Oil prices paused Wednesday after three consecutive days of gains as news from an OPEC meeting pointed to lingering differences among cartel members negotiating production cuts due to be delivered at the end of the month.
West Texas Intermediate for delivery in January was unchanged Wednesday at $48.00, marginally below its Tuesday close. Brent crude for delivery in January traded at $49.06 Wednesday morning, down 6 cents, having touched lows of $48.84 earlier in the session.
Proposals presented at an OPEC technical meeting on Tuesday called for both Iraq and Iran to agree production cuts as part of the oil producing group's wider plans to reduce output by about 5% to between 32.5 million and 33 million barrels per day, according to reports. That is at odds with the countries' long-held position that they should be exempt from the cuts.
"As it stands today, the proposal pushes for production cuts from Iran and Iraq (albeit from potentially higher levels), both of whom have thus far argued for exemptions, whilst OPEC members want Russia to play a larger part in the deal and join in cuts," noted Goldman Sachs on Wednesday. "This should all be seen as negotiating tactics, but highlights that the deal is far from done."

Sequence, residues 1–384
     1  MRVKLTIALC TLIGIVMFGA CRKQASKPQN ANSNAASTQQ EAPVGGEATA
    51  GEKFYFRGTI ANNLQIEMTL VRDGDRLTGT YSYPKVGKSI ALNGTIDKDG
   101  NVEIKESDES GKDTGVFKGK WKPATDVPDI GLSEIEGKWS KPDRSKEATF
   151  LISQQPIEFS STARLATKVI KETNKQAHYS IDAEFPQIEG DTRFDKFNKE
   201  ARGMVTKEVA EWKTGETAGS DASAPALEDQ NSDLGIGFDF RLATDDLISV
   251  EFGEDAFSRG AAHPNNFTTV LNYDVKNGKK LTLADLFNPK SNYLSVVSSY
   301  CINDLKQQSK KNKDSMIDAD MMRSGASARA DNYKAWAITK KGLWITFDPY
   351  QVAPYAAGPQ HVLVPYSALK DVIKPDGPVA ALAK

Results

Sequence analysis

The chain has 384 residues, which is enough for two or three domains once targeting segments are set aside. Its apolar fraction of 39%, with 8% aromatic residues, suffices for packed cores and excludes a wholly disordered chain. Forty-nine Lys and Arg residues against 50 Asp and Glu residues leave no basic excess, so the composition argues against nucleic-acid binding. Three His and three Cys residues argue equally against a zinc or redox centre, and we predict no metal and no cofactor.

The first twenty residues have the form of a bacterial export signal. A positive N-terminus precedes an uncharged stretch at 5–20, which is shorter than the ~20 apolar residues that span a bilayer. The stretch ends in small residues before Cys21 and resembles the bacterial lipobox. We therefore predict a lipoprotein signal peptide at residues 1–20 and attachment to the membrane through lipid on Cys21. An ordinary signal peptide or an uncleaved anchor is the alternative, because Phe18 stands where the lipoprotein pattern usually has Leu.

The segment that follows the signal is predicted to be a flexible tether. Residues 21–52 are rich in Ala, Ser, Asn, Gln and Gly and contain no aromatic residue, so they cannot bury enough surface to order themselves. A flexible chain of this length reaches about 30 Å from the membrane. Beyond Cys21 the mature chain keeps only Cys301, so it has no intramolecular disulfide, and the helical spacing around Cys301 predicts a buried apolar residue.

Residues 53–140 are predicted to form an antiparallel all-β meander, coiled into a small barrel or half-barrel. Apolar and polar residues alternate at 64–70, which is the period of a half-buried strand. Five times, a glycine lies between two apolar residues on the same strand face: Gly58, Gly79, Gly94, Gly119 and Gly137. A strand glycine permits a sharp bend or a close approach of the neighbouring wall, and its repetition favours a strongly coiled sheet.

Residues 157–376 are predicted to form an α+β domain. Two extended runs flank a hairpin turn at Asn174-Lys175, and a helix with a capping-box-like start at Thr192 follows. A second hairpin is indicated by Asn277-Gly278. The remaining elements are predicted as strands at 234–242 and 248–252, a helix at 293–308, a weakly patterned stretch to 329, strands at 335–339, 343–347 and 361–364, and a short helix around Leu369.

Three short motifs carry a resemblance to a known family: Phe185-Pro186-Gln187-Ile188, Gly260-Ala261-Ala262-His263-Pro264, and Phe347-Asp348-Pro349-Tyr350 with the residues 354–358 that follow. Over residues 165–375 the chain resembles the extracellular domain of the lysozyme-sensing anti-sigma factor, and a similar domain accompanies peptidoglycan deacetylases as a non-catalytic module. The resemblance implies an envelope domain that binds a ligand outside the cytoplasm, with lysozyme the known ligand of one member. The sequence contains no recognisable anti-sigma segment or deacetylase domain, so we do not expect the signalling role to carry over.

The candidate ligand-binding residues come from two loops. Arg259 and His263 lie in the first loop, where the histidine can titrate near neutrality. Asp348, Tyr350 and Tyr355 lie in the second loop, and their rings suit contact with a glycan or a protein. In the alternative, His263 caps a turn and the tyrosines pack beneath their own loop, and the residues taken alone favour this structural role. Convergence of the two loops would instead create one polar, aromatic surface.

Iraq has claimed that the necessity of funding its fight with militants in the north of the country means it should be allowed to increase its production. Iran insists that it should be allowed to maintain or increase production to return to levels achieved before the imposition of sanctions on the country that were lifted in January.
Iran and Iraq together account for just under a third of OPEC's output. Their exclusion from production cuts would heap much of the burden onto Saudi Arabia, which could balk at bearing the brunt of lost sales while regional rivals gain from the resulting price increase. Analysts have tipped oil prices to rise to nearly $55 a barrel if a deal can be agreed and warned of falls if the cuts fail to materialize.
There has also been disagreement over the estimates of oil output from member countries. OPEC is seeking to impose its estimates based on "secondary sources," while countries have promoted their official production estimates, which tend to be higher.
For example, OPEC is thought to be asking Iran to cut its output by about 4.5% from just under 4 million barrels per day of production, while Iran insists that it is producing 4.1 million to 4.2 million and that any reduction should start from that level, according to a Reuters report that cited unnamed sources.
Iraq's oil minister Jabbar Al-Luaibi has insisted his nation should be allowed to maintain its September output of 4.7 million barrels per day. OPEC believes that the real production figure was less than 4.5 million barrels per day.
OPEC's next official meeting is on Nov. 28,when members will speak with non-OPEC oil producers including Russia, the world's biggest oil producer. The official OPEC meeting, and deadline for the production cut agreement, is Nov. 30.